Jisaburō Ozawa

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Jisaburō Ozawa
Ozawa11.jpg
Japanese Admiral Jisaburō Ozawa
Native name 小澤 治三郎
Nickname(s) "Gargoyle"
Born (1886-10-02)October 2, 1886
Koyu District, Miyazaki, Japan
Died November 9, 1966(1966-11-09) (aged 80)[1]
Allegiance Japan Empire of Japan
Service/branch  Imperial Japanese Navy
Years of service 1909-1945
Rank Vice Admiral
Commands held Take, Shimakaze, Asakaze, Maya, Haruna
1st Fleet, 8th Cruiser Division, Southern Expeditionary Fleet, 1st Southern Expeditionary Fleet, 3rd Fleet, 1st Task Fleet, Naval General Staff, Combined Fleet[2]
Battles/wars
Awards Order of the Sacred Treasure (2nd class)

Vice-Admiral Jisaburō Ozawa (小澤 治三郎 Ozawa Jisaburō?, October 2, 1886 – November 9, 1966) was an admiral in the Imperial Japanese Navy during World War II. He was the last Commander-in-Chief of the Combined Fleet.[3] Many military historians regard Ozawa as one of the most capable Japanese flag officers.[4]

Biography[edit]

Ozawa was born in rural Koyu County, Miyazaki prefecture on the island of Kyūshū, Japan.

Ozawa graduated from the 37th class Imperial Japanese Naval Academy on November 19, 1909, placing 45th in a class of 179 cadets. He performed his midshipman service on the cruisers Soya and Kasuga and battleship Mikasa, and was commissioned an ensign on December 15, 1910. He was promoted to sub-lieutenant on December 1, 1912 and to lieutenant on December 13, 1915.

As an ensign, Ozawa served on the destroyer Arare, battleship Hiei and cruiser Chitose, and as a lieutenant, on Kawachi and Hinoki. He specialized in torpedo warfare in his studies; after his graduation from the Naval War College (Japan) in 1919 and promotion to lieutenant commander on December 1, 1921, he was given his first command, the destroyer Take. He subsequently commanded Shimakaze[2] and Asakaze. He served as chief torpedo officer on Kongō in 1925, and was promoted to commander on December 1 of the following year.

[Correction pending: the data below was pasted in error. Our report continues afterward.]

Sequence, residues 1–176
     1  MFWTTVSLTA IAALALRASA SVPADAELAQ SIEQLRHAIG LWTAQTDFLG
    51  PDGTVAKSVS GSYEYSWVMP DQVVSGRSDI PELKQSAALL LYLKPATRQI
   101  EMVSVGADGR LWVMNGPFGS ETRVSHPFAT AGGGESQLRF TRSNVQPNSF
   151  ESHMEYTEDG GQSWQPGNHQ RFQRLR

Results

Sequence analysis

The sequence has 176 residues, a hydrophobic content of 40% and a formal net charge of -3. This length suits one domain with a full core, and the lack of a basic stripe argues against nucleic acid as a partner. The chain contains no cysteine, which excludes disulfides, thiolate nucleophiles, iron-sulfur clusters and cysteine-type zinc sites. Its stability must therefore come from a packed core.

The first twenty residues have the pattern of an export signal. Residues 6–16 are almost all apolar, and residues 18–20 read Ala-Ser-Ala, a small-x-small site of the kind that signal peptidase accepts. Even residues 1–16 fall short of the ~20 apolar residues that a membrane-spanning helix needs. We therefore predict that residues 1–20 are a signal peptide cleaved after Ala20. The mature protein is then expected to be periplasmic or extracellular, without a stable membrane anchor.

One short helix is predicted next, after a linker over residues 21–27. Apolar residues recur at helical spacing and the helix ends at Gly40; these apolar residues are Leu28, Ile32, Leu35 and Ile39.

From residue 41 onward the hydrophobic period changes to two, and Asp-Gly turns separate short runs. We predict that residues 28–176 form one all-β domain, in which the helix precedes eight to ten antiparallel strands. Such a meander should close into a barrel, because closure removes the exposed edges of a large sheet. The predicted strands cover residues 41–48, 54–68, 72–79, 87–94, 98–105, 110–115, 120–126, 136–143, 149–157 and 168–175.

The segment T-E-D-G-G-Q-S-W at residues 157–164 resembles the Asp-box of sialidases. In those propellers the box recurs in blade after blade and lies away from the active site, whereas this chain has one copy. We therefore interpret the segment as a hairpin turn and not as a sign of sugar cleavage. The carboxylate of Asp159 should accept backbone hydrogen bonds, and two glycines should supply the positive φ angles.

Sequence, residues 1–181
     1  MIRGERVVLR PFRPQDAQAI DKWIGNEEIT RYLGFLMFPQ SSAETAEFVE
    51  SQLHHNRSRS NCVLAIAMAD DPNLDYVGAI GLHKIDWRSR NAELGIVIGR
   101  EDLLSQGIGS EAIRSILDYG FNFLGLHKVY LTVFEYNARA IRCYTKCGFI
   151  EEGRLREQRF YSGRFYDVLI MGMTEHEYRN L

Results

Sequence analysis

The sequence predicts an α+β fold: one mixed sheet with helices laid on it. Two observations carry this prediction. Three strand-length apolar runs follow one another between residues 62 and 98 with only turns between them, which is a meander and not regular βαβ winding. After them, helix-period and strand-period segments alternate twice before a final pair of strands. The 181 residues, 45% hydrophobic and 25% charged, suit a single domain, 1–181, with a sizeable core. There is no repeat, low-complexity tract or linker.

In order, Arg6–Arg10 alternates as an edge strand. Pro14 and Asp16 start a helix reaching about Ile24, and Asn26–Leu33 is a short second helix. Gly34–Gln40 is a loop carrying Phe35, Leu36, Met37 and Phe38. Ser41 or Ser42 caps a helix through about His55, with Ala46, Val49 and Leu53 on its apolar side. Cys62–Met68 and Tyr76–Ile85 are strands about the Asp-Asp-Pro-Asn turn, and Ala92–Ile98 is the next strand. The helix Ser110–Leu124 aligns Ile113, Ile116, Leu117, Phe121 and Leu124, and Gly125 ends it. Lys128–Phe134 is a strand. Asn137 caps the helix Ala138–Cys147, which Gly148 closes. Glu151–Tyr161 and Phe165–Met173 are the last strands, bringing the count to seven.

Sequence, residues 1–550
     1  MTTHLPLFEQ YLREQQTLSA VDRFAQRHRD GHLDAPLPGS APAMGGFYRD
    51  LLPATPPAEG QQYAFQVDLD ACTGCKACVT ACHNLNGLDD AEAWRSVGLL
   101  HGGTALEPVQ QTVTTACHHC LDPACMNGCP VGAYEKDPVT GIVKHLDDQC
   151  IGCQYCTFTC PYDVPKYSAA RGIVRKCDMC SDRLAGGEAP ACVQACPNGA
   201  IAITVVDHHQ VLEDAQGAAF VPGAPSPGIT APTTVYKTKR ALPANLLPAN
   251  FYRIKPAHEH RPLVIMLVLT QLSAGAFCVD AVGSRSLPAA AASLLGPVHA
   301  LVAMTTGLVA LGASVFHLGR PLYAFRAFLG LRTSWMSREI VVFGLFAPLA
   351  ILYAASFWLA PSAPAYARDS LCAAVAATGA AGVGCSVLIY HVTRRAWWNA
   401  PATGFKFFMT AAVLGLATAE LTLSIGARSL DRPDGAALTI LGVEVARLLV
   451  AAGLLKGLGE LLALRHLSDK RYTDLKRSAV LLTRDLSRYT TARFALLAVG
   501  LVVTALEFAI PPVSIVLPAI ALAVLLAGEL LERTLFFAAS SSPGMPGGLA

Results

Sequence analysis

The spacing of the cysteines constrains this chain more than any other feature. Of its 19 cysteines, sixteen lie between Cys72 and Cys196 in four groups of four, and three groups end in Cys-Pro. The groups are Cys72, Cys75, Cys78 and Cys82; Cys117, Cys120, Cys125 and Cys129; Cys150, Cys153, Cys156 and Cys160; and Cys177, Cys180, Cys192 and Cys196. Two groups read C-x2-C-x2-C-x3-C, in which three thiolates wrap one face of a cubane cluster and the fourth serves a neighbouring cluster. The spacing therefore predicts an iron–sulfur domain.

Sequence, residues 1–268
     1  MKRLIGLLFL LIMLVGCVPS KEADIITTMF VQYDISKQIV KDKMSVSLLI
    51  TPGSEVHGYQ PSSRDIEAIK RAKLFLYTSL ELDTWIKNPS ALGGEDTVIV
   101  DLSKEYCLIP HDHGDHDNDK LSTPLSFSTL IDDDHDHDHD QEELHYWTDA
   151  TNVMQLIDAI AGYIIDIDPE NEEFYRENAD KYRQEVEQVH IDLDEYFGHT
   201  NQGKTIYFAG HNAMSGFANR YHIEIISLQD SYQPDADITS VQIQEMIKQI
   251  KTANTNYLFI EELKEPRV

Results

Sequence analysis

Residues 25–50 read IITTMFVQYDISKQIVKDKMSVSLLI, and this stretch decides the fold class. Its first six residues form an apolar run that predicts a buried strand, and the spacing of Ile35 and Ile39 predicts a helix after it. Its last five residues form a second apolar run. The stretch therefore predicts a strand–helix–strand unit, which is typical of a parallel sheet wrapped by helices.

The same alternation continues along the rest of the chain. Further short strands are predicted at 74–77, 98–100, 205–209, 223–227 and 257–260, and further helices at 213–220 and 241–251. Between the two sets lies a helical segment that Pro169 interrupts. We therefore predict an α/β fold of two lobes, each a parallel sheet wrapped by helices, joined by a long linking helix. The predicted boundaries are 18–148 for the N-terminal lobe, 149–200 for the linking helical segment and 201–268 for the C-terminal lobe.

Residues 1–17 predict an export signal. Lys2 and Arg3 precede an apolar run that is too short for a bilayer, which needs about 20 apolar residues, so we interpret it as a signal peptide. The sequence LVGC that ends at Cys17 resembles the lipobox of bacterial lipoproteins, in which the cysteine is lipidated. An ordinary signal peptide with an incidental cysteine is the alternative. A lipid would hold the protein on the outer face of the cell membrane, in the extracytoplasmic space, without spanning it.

Ozawa served in various staff positions from 1925–1933, except for a one year period in 1930 when he was assigned to visit the United States and Europe. He was promoted to captain on December 1, 1930, and on November 15, 1934, he was assigned command of the Maya and Haruna the following year.

Ozawa as Commander-in-Chief of the Southern Expeditionary Force, November 16, 1941 at Saigon.

On December 1, 1936, Ozawa was promoted to rear admiral.[2] He continued to serve in various staff positions, including Chief of Staff of the Combined Fleet in 1937 and Commandant of the Imperial Japanese Naval Academy. He was promoted to vice admiral on November 15, 1940.

Ozawa was one of leading advocates of naval aviation in the Imperial Japanese Navy. Ozawa was the first high-ranking officer to recommend that the Japanese aircraft carrier forces be organized into an air fleet so that they could train and fight together.

After the attack on Pearl Harbor, Ozawa became responsible for Japan's naval operations in the South China Sea as Commander in Chief of the Southern Expeditionary Fleet covering the invasion of Malaya. In early 1942 (January to March), his fleet was involved in the invasions of Java and Sumatra.[5]

In March–April 1942 he commanded the highly successful commerce raiding detachment during the foray into the Indian Ocean.[5]